What I Read Online – 10/29/2011 (a.m.)

    • But Luther’s greatest challenge would come with the Catholic debater Johann Eck in June of 1519, whom Luther called “that little glory-hungry beast.” Eck brought the real issue to the table: who had final authority, God’s word or the pope?
    • Suddenly, the gospel became good news. Previously Luther understood iustitia dei (the righteousness of God) as God punishing sinners in his justice and avenging anger. God’s righteousness was bad news, condemning Luther no matter how many good works he did. Luther, therefore, hated God. However, Luther came to realize that the righteousness of God referred to in Romans 1:17 is revealed in the gospel, for the righteous will live by faith. God’s righteousness was no longer to be feared but a gift to be received by faith in Christ, that sinners, even the worst of sinners, might be counted righteous before God.
    • Moreover, the righteousness that God demands is not something we can earn, but rather it has been earned for us in Christ. What we need is not a righteousness of our own but an alien righteousness, imputed or credited to us by God. Here lay what Luther understood as the “joyous exchange.” Christ has taken our sin while we have received his righteousness.
    • In 1521 Luther was summoned to Worms for an imperial council before Charles V. At Worms, on April 17, 1521, Luther was told he must recant. After thinking it through for a day, Luther returned and declared: “Since then your serene majesty and your lordships seek a simple answer, I will give it in this manner, plain and unvarnished: Unless I am convinced by the testimony of the Scriptures or by clear reason, for I do not trust either in the pope or in councils alone, since it is well known that they often err and contradict themselves, I am bound to the Scriptures I have quoted and my conscience is captive to the Word of God. I cannot and I will not retract anything, since it is neither safe nor right to go against conscience. I cannot do otherwise. Here I stand. May God help me. Amen.”
    • Does Reformation theology matter today? Absolutely. It is tempting to think of the Reformation as a mere political or social movement. In reality, however, the Reformation was a fight over the evangelical gospel itself. The reformers argued that God’s free and gracious acceptance of guilty sinners on the basis of the work of Christ alone is at the heart of the gospel.
    • First, for Luther justification by faith alone is the article by which the church stands or falls. Today, however, many question and outright reject the centrality of justification.
    • Second, there is a strong push in our present day either to return to Rome or join Rome as evangelicals and Catholics together.
    • But as Michael Horton has recently argued (and R. C. Sproul before him), the Reformation is far from over. “There has been no material change in the Roman Catholic position on the issues that led to the excommunication of the Reformers. Even the Joint Declaration overcame the central doctrine of controversy only by embracing a Roman Catholic definition of justification as forgiveness and actual transformation (i.e., sanctification).” Rome continues to reject the evangelical affirmation of justification by grace alone through faith alone. I agree with Horton when he states that it is not about Luther, it is about the gospel.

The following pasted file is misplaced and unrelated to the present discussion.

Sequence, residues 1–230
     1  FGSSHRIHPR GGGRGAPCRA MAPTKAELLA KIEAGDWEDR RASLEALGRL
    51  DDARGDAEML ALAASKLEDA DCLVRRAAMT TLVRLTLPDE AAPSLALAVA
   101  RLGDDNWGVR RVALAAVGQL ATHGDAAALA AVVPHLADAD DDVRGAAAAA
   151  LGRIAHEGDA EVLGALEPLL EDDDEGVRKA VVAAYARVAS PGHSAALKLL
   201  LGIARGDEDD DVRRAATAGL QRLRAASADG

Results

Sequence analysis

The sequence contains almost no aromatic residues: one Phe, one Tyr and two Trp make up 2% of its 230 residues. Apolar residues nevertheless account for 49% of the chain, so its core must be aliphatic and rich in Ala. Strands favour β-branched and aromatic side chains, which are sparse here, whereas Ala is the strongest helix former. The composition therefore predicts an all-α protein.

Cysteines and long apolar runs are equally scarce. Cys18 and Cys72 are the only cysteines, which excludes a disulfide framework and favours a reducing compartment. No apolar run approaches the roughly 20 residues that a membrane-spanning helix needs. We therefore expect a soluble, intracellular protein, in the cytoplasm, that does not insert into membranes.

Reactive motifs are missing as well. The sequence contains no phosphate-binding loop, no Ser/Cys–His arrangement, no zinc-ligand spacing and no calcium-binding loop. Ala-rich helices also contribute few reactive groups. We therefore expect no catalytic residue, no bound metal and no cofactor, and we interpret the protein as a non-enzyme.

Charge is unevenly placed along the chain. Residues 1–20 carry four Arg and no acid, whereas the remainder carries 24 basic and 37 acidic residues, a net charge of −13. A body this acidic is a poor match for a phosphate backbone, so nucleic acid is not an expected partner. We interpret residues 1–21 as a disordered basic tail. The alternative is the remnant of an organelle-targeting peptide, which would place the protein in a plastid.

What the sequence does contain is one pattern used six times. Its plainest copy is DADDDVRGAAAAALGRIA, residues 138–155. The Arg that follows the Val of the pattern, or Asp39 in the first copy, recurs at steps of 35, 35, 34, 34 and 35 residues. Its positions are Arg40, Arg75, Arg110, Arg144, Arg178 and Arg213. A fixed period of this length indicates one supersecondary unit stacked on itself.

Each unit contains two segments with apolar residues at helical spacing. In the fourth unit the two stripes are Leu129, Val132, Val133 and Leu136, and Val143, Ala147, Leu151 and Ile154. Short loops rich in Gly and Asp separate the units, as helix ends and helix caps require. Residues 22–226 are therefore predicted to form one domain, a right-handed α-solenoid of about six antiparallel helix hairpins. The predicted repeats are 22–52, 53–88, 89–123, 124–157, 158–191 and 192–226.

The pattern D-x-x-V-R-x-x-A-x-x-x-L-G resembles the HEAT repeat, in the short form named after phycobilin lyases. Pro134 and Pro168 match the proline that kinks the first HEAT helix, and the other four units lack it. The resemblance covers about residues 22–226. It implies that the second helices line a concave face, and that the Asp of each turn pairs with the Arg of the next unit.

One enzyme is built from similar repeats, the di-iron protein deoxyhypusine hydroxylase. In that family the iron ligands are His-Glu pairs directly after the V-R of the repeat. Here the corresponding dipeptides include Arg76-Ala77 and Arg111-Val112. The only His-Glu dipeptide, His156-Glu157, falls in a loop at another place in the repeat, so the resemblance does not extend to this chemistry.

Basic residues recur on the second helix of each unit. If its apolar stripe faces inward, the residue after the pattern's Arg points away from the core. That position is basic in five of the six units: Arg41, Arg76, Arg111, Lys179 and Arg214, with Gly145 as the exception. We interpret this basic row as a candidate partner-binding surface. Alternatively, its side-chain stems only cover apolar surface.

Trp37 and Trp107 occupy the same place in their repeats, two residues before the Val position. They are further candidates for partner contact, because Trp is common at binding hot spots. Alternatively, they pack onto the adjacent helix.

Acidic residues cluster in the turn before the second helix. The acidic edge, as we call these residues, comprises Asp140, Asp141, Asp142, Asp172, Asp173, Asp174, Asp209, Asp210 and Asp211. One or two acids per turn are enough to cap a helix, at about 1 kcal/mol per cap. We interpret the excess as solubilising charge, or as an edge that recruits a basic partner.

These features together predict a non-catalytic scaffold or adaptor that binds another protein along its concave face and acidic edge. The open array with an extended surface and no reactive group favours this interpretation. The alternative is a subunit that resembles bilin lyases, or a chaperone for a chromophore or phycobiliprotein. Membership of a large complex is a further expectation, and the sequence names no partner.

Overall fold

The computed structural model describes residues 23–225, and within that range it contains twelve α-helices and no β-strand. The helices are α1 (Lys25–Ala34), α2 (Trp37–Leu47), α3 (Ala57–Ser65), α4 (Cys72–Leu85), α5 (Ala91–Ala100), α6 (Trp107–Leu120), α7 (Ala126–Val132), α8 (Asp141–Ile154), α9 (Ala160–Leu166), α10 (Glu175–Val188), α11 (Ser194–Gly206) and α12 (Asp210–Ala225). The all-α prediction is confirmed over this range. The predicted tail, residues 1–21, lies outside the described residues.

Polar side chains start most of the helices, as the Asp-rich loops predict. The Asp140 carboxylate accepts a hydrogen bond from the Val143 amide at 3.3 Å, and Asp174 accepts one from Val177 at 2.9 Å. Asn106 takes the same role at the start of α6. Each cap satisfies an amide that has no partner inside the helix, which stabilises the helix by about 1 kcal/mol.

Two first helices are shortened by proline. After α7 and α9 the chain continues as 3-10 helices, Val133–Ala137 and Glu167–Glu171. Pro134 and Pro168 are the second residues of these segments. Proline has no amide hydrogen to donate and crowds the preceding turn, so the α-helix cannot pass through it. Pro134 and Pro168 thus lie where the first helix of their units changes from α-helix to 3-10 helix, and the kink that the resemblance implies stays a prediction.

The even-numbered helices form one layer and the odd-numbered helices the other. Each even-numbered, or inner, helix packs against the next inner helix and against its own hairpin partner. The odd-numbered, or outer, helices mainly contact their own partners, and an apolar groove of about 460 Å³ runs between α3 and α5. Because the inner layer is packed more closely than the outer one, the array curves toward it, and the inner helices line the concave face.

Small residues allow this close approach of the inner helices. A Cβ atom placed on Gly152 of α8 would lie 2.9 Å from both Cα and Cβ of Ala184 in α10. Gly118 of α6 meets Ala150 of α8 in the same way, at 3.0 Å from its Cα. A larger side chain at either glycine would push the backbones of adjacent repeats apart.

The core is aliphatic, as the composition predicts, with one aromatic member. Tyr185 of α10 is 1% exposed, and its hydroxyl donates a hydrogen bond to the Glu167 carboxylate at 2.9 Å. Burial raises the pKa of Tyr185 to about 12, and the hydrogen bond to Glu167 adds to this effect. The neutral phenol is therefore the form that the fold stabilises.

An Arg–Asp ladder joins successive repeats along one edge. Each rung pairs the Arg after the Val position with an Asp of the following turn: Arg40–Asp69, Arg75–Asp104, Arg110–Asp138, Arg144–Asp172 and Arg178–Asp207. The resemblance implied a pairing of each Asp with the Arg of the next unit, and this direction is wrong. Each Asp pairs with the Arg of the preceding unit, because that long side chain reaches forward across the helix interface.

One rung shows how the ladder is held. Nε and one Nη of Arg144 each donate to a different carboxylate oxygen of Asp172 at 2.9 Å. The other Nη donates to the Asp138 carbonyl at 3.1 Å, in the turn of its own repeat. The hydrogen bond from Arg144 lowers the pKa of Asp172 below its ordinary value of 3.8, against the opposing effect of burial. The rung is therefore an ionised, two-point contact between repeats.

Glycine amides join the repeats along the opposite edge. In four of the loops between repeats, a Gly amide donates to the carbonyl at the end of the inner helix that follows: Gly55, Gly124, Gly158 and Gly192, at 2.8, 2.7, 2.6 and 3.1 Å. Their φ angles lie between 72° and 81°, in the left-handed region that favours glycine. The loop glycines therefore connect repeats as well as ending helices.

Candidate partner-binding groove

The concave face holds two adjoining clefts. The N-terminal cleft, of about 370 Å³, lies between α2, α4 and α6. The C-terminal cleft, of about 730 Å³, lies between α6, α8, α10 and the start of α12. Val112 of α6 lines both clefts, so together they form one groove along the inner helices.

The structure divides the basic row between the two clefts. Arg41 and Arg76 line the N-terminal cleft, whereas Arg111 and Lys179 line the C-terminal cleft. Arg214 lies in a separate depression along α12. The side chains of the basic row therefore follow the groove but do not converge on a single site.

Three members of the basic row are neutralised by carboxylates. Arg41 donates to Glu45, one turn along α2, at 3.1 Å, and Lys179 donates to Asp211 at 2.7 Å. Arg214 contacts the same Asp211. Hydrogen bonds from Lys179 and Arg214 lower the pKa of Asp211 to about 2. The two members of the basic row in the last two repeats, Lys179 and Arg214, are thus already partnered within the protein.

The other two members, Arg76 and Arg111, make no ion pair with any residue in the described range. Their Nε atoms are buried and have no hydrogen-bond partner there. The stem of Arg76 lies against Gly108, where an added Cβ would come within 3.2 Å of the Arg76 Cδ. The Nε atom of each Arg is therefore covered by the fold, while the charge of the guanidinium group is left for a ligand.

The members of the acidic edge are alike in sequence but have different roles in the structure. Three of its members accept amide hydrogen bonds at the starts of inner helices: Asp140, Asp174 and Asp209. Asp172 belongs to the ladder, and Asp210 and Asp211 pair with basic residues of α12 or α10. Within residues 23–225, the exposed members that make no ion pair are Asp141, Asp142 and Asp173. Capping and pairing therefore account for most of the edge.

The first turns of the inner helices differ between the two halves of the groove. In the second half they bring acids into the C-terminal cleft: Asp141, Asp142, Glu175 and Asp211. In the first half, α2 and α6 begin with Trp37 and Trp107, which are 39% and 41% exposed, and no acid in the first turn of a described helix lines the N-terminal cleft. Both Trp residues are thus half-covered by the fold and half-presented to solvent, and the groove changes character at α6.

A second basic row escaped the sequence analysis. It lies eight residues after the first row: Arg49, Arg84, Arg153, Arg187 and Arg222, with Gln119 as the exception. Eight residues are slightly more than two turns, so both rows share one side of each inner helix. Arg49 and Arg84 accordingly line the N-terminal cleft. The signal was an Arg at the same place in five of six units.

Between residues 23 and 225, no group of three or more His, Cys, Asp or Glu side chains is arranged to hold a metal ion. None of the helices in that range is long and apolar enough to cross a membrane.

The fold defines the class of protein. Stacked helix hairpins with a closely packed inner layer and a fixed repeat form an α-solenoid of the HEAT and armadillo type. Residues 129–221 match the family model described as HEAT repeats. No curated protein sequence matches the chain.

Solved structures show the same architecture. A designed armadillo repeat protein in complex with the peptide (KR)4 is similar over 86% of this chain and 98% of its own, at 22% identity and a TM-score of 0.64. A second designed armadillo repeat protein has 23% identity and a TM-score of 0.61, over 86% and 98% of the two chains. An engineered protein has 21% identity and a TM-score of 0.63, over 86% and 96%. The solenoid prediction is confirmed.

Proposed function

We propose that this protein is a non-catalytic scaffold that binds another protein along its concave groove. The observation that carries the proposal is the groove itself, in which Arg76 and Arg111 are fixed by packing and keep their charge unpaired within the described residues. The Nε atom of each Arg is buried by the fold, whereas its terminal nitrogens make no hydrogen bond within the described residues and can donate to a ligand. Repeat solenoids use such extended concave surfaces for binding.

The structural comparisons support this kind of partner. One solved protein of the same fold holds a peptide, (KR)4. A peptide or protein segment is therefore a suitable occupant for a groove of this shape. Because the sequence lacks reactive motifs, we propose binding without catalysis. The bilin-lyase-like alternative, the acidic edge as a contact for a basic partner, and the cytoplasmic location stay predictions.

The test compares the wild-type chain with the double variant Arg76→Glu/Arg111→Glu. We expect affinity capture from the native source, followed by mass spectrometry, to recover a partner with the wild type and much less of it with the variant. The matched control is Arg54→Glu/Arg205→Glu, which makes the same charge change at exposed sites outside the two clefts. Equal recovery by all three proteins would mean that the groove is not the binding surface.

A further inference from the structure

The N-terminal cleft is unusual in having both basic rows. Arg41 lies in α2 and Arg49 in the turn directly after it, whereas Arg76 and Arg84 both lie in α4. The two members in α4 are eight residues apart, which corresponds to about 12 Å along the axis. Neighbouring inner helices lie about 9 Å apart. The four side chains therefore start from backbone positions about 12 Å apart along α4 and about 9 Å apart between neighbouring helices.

• He put together an initial list of biographies, published the list in the church bulletin, stocked the church bookstore with the titles, and began a year of discussing and promoting biographies with his church.
    • But in our attempts to summarize the main contours of the gospel, we should remember that we are not the first generation of Christians to wrestle with this question.  We are not the first Christians to consider how broad or how narrow to define “gospel.”  We are not the first Christians to ask how the four Gospels relate to the one gospel of Jesus Christ.  We are not the first Christians to make distinctions between the gospel and other aspects of God’s revelation.
    • The gospel is about Christ—his life, death, burial, resurrection, and ascension.  It is not, first and foremost, about us.  At the same time, the gospel announcement includes, imbedded within it, the good news of Christ’s work on behalf of sinners.  To put it in terms of systematic loci, the person of Christ cannot be separated from the work of Christ.
    • John Calvin (1509–1564) is easily the most important Protestant theologian of all time and remains one of the truly great men who have lived.
    • [Children in a grace-based family] are accepted as sinners who desire to become more like Christ rather than be seen as nice Christian kids trying to maintain a good moral code. Grace is committed to bringing children up from their sin; legalism puts them on a high standard and works overtime to keep them from falling down.

       

      Grace understands that the only real solution for our children’s sin is the work of Christ on their behalf. . . .  Legalism uses outside forces to help children maintain their moral walk. Their strength is based on the environment they live in. Grace, on the other hand, sees the strength of children by what is inside them—more specifically, Who is inside them.

    • Reacting to what other churches are doing wrong is not the same as pursuing what is biblically right.
    • Pastors and music leaders need to teach more on the place of music, affections, and expressiveness in our gatherings.

Posted from Diigo. The rest of my favorite links are here.

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About Joe Fleener

Lover of Christ & His Gospel, Husband to Mandy, Father to three wonderful children, Servant to the Local Church, Bible College Lecturer
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